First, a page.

In Back 4 Blood, this is at least somewhat buffered by the addition of cards, divided into two classes, Active and Corruption. The latter are specific gameplay tweaks that will layer extra challenges on the upcoming campaign level, while the former are awarded for progressing in the game and comprise a greater deck that the player can draw from as they play. Building the deck offers both short-term reward and long-term incentive, as the cards (which are chosen between levels as the player progresses) add boosts to everything from stamina to reloading speed. Some of the more interesting, top-tier ones offer both pros and cons; for example, “Mean Drunk” awards 75% additional melee weapon damage but also disables sprinting. This element not only encourages the player to keep playing, allowing the Active card effects to stack, but also creates strategic quandaries that could be used for challenge runs.
The weapons system, meanwhile, takes cues from that same color-tiered loot system now seen in games like The Division 2 and the Borderlands series, offering a degree of spontaneity in how effective or powerful the weapons are while disabling any chance of relying on them in the long term. From the weapons themselves to the mods that alter their performance, most of them are either purchased randomly at safehouses or found in crates, and ultimately, as the player cannot keep their weapons or their mods, are only temporary. Thus the best configurations can only be found by sticking around for a few levels. Combined with the game’s card system and its minimalist approach to inventory and supplies, the game ensures that each playthrough will probably be a little different each time.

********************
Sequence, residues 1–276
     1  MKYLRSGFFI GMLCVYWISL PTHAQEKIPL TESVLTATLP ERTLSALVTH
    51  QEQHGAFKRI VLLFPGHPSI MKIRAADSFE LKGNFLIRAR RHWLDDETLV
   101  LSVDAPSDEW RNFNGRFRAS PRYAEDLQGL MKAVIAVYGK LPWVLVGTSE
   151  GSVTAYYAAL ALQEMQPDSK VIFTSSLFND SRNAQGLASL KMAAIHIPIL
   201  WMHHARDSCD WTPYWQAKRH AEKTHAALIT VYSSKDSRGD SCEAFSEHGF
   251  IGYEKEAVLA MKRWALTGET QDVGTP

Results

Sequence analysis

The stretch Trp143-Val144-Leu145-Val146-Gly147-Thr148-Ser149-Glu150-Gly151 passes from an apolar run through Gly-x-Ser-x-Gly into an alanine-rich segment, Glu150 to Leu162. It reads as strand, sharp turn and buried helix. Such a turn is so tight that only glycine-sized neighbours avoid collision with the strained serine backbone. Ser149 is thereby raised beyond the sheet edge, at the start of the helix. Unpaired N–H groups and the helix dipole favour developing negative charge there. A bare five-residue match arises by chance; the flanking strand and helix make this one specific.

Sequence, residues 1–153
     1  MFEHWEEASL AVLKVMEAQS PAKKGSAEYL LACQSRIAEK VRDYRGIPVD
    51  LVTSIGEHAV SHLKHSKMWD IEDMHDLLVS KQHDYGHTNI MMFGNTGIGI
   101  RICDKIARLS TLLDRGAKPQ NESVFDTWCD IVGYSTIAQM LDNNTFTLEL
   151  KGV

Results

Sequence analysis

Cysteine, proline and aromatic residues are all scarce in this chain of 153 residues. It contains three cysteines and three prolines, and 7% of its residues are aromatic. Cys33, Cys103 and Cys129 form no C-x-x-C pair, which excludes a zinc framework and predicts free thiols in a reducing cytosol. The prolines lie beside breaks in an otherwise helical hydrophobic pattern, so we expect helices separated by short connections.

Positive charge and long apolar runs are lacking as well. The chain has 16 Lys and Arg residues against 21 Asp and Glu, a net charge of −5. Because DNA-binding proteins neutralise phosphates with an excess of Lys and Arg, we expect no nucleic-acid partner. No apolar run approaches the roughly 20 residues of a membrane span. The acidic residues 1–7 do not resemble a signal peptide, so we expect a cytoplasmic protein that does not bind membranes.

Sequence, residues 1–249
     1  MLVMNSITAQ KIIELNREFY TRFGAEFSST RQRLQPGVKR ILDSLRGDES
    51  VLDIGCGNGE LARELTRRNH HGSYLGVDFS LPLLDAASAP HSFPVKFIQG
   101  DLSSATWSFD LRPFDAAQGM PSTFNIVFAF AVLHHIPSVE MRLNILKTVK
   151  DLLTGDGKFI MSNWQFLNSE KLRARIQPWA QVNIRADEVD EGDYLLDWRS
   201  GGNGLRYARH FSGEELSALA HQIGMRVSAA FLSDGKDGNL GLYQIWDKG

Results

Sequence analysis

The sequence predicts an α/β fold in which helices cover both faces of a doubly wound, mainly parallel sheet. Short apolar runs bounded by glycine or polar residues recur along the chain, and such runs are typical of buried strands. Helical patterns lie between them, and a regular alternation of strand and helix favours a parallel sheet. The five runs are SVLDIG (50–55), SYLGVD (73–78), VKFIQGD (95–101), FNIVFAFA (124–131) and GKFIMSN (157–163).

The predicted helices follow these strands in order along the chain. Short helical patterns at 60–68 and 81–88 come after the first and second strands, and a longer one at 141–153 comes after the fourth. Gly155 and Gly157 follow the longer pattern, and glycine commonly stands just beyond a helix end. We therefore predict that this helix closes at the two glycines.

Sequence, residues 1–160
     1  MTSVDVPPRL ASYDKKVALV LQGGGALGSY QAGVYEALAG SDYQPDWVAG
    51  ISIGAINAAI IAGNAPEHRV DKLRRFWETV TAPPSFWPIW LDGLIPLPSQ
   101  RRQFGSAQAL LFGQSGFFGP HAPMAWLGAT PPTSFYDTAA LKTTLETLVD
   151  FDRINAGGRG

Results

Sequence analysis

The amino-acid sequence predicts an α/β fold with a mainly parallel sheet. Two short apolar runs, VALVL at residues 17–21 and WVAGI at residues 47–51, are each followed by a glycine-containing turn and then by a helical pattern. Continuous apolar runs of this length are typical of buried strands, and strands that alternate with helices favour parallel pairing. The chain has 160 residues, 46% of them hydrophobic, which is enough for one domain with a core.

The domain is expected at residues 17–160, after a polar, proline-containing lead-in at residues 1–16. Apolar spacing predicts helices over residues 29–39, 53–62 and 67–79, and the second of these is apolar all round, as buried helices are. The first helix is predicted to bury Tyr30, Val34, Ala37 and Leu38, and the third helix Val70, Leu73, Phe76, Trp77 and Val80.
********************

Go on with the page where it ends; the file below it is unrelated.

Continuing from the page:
For the most part, I’m pleased with how well Turtle Rock’s stuck to the original formula. The levels have a similar climactic ebb and flow. But some throwbacks leave me wishing they’d taken a few more risks. The cohesive plot from act to act is an improvement (Left 4 Dead and its sequel never did get all those gaps filled) but story-wise, it isn’t terribly complex or compelling. While the light narrative facilitates speedy pacing, it would be nice to care about the characters of Back 4 Blood or have some small investment into the game’s events. Most of the lines, especially the character’s personal commentary, are one cliche after another, and, while adding to the game’s B-movie campiness, do little to flesh them out as people.
The special zombie types also leave much to be desired. Many, like the Reeker (which coats the player in a horde-attracting goo) or the Snitch (which, if disturbed, tips the horde off to your location) are direct holdovers from Left 4 Dead; aside from appearance and names, they have not changed substantially. Strategically this offers an advantage to older fans of Left 4 Dead, but it also adds to a sense of routine. It’s one area where Turtle Rock should have sacrificed familiarity for novelty, in that if there’s anything that could have interrupted the mindless button mashing of Back 4 Blood’s core gameplay loop, it’s new special zombie types. I’d have liked to have seen what they could come up with.